Whether, at first, you consider the news your receive from your divorce appraisal as good or bad, really the news is all good because having it completed means you are ready to advance to the next stage in your divorce. Avoiding the topic of what your home is worth only keeps you tied to your past, and the goal here should be to get on with your new life, one that holds the possibility (and probability) of being better than it ever was before while you were married.
When it comes to dysfunctional relationships, we often try to avoid pressing issues because they are unpleasant to deal with and they make us feel uncomfortable. As we begin to avoid, initially we feel relief. Great! For now… The trouble is the problems that we push aside, for the time being, can sneak up on us when we least want them to or expect. And that is when we suddenly find ourselves facing a crisis.
In an article published in Psychology Today, the author discusses how using avoidance as a coping mechanism can ultimately cause the exact anxiety a person seeks to relieve. In other words, the strategy does not work and the costs involved can be high, especially if the avoidance is prolonged. Instead, when problems arise, it is best to face them head on and deal with them in the present. If necessary, enlist the help of a mental health professional for added support.
In the meantime, like any minor medical issue that will not go away yet can become much worse, putting off your divorce appraisal can likewise snowball into much a more serious problem. Speak for yourself, but I know I am certainly not looking for any more of those.
If you are in the midst of a divorce, chances are your attorney will request that you and your spouse order a home appraisal a quickly as possible.
For many families, the marital home represents the largest asset acquired during a marriage, which means it is critical to find someone with the skills and expertise necessary for valuing your home as accurately and impartially as possible.
Depending on how thorough an appraisal is, it can either save or cost a divorcing couple many much-needed dollars. That is why during a divorce it is more important than ever to find a certified professional appraiser who understands the critical role a home valuation will play in your proceedings and the life you plan on enjoying afterward.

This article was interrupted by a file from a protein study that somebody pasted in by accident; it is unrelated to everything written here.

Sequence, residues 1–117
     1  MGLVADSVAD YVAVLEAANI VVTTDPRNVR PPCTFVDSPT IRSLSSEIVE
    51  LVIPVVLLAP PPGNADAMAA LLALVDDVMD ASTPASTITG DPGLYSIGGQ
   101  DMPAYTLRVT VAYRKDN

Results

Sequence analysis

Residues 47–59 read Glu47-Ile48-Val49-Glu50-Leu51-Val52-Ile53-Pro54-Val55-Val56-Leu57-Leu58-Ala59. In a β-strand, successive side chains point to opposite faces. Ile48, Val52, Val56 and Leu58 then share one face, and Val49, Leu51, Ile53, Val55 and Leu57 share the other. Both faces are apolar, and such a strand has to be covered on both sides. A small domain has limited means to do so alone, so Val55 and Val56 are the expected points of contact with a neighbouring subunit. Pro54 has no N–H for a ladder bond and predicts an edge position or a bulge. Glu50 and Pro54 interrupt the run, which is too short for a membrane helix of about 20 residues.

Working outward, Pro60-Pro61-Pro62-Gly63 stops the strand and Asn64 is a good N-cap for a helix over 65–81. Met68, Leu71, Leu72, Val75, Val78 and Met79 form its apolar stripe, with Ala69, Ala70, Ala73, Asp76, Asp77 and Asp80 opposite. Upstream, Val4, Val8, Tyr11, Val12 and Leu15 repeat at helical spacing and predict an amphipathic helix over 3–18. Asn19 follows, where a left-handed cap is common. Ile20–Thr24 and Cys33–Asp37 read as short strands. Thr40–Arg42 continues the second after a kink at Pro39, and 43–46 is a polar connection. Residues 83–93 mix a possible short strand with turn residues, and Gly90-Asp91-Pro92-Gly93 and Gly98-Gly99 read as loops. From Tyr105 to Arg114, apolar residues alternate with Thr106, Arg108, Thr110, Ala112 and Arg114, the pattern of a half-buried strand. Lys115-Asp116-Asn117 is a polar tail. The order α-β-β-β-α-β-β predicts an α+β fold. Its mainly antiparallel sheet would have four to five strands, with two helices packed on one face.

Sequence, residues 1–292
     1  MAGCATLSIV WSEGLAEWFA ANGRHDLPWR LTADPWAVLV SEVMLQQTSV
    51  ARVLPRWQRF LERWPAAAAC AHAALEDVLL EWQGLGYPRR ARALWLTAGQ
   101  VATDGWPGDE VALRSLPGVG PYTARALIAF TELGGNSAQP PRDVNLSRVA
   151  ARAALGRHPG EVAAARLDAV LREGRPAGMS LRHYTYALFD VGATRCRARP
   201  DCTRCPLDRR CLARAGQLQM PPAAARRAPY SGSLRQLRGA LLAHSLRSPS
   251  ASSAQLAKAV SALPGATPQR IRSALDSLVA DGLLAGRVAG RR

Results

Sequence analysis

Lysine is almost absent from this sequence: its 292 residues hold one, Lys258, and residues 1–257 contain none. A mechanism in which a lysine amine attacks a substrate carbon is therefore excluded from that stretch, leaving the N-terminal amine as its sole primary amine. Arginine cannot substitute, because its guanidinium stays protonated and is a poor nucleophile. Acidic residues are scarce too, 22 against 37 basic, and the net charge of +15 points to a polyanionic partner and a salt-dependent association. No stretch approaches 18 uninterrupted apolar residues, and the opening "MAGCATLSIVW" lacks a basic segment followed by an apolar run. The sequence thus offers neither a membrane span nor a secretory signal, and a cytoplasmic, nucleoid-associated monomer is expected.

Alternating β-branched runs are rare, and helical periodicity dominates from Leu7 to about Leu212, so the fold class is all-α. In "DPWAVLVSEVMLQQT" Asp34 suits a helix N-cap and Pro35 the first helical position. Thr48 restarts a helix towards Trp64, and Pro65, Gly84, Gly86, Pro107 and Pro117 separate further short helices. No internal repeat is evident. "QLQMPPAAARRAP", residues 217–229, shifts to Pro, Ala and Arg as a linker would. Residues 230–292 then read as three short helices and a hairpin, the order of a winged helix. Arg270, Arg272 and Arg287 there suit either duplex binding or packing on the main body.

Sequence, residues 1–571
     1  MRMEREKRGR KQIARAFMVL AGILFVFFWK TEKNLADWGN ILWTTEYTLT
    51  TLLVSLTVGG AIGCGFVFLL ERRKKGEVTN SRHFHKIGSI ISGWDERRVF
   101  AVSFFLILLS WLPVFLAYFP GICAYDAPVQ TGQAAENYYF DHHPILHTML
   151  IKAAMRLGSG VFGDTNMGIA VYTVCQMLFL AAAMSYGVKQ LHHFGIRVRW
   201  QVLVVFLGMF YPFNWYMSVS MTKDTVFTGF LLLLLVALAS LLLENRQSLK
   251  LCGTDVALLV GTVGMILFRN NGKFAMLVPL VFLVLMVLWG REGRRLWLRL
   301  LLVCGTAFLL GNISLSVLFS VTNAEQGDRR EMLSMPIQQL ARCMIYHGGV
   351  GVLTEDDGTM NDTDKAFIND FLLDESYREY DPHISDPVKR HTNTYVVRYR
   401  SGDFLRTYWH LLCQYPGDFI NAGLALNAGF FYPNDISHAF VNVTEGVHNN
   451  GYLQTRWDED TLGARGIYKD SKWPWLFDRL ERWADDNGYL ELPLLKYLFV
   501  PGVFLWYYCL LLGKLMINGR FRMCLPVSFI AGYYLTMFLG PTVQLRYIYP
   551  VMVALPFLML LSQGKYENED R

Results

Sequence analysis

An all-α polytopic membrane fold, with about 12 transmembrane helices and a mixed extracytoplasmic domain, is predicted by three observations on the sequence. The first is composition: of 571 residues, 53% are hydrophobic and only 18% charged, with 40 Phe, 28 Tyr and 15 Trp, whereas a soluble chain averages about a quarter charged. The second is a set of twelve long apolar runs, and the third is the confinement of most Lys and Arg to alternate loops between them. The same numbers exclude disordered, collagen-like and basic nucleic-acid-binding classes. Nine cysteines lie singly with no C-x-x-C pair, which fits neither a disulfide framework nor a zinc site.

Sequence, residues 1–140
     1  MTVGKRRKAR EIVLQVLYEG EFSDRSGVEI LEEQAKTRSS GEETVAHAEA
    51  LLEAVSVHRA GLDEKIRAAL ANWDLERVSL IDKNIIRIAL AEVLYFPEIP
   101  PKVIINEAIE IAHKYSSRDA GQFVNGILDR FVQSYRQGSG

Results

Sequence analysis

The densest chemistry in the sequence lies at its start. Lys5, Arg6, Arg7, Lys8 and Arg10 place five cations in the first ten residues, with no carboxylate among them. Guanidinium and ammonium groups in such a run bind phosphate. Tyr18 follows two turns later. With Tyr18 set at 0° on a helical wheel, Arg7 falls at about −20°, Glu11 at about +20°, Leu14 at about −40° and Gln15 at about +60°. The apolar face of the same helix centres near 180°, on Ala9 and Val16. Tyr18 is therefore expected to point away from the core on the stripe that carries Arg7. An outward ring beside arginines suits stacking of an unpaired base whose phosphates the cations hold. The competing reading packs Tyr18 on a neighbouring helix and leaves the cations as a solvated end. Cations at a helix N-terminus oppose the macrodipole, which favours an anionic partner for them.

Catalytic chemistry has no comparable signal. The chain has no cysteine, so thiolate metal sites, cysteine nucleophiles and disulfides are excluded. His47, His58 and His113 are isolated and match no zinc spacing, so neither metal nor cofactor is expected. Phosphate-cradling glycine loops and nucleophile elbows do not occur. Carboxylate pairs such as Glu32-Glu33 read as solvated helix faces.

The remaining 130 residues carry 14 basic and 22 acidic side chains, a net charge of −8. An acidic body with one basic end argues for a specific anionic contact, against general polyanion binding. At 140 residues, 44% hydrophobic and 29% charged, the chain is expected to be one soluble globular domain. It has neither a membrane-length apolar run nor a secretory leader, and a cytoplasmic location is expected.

When counseling any client needing a home appraisal due to an impending divorce, I advise both spouses to be present during my home valuation. For many, particularly those involved in a high-conflict divorce, my advice may seem counterintuitive, even counter-productive. I won’t lie – I have been privy during my many years as a home appraiser to spats reminiscent of Kathleen Turner and Danny DeVito in The War of the Roses, and I have learned how to duck for cover when objects, and insults, come flying.
In all seriousness, having both spouses present during a home appraisal, regardless of how amicable or not their divorce is proving to be, saves a couple time. It also allows me to give a couple the most comprehensive appraisal I can without having to retrace my steps over and over again as I compile the information I need. Once I do, I am then able to create a data-rich report that is appropriate for use in a divorce negotiation, even in court, where sometimes I am asked for my expert testimony and am always prepared to testify.
Without going into a debate about how men are from Mars and women are from Venus, or how men and women (and people in general) prioritize certain aspects of their home as opposed to others, let me say that I have seen my fair share of arguments. For example, which items on my checklist, a Viking stove or cracks in a wall, is more significant to my valuation? It depends on who is asking.
For a husband who seeks to value the home as high as possible because his wife is planning to stay there after buying him out, the Viking stove may be. For a wife who wishes to value the home as low as possible to pay her soon-to-be ex a lesser price, the cracks may be. Regardless of who wants what, that Viking stove and those wall cracks can quickly take center stage, delaying, event preventing, the appraisal if the appraiser is not equipped to handle a couple’s divorce-related concerns.
When I deal with both spouses upfront, I can assure them that I am an impartial actor regardless of which “side” hired me to do the appraisal. I can walk the couple through their disagreements, quelling any suspicions and fears they may have that the report won’t represent their concerns. It will. And I am always happy to explain how, as I would for any other dispute that may arise. By determining what the couple’s sticking points are from the beginning and working through them, I can expeditiously break the appraisal down to those standard terms each spouse can understand in apples to apples and oranges to oranges terms.
People often say, “If these walls could talk.” The difference is when you are an appraiser specializing in divorce, it sometimes becomes necessary to whisper in a couple’s ears just to get them not to scream.